Building on the recent post on simple living, we’re working on going to the next level and living more slowly, which is as much a mindset as anything that anyone could see. The only problem? We don’t actually know how to live slowly, because we’ve never done it! But we’re not afraid to put in the effort to learn how. After all, we’ve never been retired before, so it’s bonkers to think we’d be great at every aspect of it right off the bat.
“Simple living” is a term that I resisted for a long time because it felt so prescriptive and unachievable. Maybe it’s all Instagram’s fault, but it felt like there was a way living simply was supposed to look, and that wasn’t for us. But I finally saw that it’s up to each of us to define what simple living feels like, and that there’s tremendous value in doing so. (Plus, enter to win Mrs. Frugalwoods’ new book!)
We’ve talked a lot about health care lately, given the political climate, but not health itself. And health is super important to us. Why bother planning for a long retirement if we aren’t going to stay healthy enough to enjoy it? Here’s everything we’re doing and thinking about to increase our chances of reaching a ripe old age in good health.
This Labor Day, we’re reflecting on the ever-speeding progress of labor and productivity in the developed world, and looking at our own longing to slow things way, way down. Can you relate? We bet you can! (Bonus: lots of geek-worthy charts and graphs!)
Lately I’ve been trying this experiment where I treat weekends like mini early retirements, instead of like days to get a bunch of stuff done. I decided to take this one step farther to test the theory that we crave unstructured time in retirement. Come see what we learned!
It’s easy to think of early retirement as all about the escape. But then what? We don’t want any part of our life to be defined solely by absence, by its lack of something, in our case the lack of work. We want our lives to be defined by presence, to be lived in the affirmative, the ultimate opt-in to what fires us up and makes us launch out of bed in the morning. That’s why we’re busy crafting a life that keeps the stoke high.
We love the small mountain town where we live, but the reality is that we’re not actually here all that much because of work travel. What happens when we stop getting our fill of city time, courtesy of work? Are we cut out for small town living for the long haul?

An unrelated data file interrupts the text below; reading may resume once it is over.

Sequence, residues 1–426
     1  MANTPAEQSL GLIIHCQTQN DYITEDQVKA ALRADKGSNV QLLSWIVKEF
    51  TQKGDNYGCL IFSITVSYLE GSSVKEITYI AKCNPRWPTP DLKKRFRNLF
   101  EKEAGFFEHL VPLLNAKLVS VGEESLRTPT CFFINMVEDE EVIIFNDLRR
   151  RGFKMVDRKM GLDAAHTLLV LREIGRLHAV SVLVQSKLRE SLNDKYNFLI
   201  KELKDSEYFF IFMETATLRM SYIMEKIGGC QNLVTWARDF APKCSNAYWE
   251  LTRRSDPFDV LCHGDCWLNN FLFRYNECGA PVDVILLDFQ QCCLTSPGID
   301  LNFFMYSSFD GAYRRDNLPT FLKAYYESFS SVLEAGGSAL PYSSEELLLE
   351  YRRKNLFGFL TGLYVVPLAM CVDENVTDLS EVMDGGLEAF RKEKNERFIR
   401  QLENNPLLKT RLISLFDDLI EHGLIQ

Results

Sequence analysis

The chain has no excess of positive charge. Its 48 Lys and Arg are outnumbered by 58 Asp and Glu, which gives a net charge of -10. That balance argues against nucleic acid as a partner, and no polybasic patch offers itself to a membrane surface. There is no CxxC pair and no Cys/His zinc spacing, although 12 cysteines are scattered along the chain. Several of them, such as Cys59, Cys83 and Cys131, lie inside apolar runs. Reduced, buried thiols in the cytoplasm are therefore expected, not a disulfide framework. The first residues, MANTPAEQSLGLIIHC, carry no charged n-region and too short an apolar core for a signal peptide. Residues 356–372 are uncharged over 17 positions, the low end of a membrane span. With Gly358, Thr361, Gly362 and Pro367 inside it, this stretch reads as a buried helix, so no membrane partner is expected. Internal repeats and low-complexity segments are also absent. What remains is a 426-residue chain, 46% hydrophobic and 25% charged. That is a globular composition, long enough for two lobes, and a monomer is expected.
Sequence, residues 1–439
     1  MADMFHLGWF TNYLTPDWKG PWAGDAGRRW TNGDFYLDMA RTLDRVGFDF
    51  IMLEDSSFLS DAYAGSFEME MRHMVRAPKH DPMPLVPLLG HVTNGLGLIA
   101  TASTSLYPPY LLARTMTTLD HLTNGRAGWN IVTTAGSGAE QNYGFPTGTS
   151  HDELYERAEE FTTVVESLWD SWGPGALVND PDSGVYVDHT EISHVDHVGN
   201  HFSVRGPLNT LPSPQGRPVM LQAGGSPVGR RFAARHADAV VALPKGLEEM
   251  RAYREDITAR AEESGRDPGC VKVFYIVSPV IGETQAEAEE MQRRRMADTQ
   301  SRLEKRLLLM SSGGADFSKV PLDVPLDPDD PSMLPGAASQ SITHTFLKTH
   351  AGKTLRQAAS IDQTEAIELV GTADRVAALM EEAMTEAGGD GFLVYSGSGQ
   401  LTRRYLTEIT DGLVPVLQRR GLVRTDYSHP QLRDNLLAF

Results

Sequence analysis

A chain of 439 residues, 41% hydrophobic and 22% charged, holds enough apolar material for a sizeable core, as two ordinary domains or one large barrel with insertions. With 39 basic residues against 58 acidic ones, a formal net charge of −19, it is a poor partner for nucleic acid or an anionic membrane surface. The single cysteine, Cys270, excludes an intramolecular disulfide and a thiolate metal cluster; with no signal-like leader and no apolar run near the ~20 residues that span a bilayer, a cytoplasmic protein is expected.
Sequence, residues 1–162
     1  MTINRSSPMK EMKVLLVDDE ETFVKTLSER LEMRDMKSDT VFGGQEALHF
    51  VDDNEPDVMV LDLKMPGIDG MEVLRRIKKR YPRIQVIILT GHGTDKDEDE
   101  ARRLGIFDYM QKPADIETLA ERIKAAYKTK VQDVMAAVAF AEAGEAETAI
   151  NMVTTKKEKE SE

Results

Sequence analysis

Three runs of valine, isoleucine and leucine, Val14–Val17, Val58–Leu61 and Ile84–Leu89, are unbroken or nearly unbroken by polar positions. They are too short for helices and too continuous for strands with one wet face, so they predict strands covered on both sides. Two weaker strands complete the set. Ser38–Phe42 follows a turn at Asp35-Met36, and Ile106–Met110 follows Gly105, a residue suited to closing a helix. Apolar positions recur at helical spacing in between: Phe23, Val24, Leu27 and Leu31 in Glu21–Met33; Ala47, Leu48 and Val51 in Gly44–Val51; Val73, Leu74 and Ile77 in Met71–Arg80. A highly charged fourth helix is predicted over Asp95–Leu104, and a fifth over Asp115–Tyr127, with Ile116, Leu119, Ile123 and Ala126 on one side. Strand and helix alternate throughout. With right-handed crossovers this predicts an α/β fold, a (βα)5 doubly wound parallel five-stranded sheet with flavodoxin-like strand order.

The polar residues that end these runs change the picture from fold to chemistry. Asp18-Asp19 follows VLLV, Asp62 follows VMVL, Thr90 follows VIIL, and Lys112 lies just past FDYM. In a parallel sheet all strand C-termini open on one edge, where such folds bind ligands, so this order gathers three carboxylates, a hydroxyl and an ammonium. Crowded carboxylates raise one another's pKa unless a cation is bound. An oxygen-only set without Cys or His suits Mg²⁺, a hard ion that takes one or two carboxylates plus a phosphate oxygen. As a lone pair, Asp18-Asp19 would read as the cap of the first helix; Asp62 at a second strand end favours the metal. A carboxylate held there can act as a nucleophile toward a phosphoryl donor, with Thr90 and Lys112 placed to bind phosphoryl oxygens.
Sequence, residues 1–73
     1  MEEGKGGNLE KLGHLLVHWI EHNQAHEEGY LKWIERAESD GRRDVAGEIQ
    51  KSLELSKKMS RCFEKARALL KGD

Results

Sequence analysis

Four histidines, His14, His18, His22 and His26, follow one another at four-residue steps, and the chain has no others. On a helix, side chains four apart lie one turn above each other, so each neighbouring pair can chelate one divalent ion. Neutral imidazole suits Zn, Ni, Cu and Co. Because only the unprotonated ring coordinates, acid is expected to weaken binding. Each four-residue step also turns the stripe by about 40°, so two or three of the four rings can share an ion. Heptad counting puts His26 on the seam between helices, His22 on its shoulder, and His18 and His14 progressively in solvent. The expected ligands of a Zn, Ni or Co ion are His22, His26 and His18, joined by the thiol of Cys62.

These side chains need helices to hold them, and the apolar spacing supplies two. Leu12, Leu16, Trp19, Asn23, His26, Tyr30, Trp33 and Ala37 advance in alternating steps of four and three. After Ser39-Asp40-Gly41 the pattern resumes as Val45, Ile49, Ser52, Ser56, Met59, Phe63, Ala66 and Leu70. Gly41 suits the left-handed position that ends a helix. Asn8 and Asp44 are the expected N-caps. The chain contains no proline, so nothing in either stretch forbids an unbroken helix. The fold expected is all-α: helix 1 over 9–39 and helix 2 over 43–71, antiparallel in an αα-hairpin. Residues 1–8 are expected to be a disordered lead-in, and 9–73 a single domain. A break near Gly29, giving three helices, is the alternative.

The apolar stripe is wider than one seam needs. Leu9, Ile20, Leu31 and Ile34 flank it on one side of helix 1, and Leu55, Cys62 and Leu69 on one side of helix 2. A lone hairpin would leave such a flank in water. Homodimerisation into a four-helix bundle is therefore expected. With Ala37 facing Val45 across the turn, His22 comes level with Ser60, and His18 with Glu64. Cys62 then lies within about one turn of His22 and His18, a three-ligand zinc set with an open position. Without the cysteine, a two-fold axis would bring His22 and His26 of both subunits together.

we’ve had that mythical first year of freedom on our minds in a big way lately. like any aspiring early retirees worth our salt, we spend lots of time thinking about everything we want to do when we have more time on our hands, but we’ve been getting more specific, and thinking about the things we’ll do as we adjust to our post-work era, and some of the big life goals that we want to tackle right away.
we talk a lot here about redefining ourselves in early retirement, especially making sure that we consider before we actually leave our jobs how we’ll obtain self worth and fulfillment post-career. but we recently realized that redefining isn’t really the right word to use at all. in thinking about the life that we truly want to live, and how we will thrive within that, there’s truly no re. the right word is simply “define.”
so many of us have had the experience, before we got smart about our finances, of not knowing where our money went. as i was reading another blogger’s post about that last week, i had the thought: “where did the day go?” where did the money go? where did the time go? these are not such different questions. here’s how we’re changing our mindset around time, to see it as our most precious asset.
we’ve mentioned many times that we live in a small town, and very deliberately moved here as a part of our early retirement plans. while we for sure could have still saved for retirement in the expensive city we came from, it would have taken longer, and we wouldn’t have had the lifestyle we wanted. and we’re happy living in our small mountain town, though it’s not all sunshine and roses. here’s our breakdown of the pros and cons.
we know we’re not the only ones who have thoughts like: after we retire, things will be so much easier. things will be less stressful. things will be simpler. and most likely things will be simpler. but the idea that we aren’t in control of our lives now, […]
we’ll wake up on our own, with no alarm, when we feel rested. we’ll take our time sipping morning coffee, engaging with each other instead of staring at screens. we’ll happily get outside.
sometimes it feels like we are missing out on life in our town and the surrounding outdoors. we daydream about the adventures we imagine for ourselves in just a few years, when we can retire early.
planning for early retirement forces you to do a lot of thinking about what you can and can’t live without. we’re willing to forgo most consumer culture in order to buy our free time.
we are never lacking for things to do, and that’s why we want more time to do things that are priorities to us, and less time (or no time) to do things that are priorities to our employers. here’s our list.
our next life is when we can decide how we want to spend our days, our weeks, our life energy. when we decide where we want to sleep each night. when we decide to get outdoors, away from screen after screen after screen.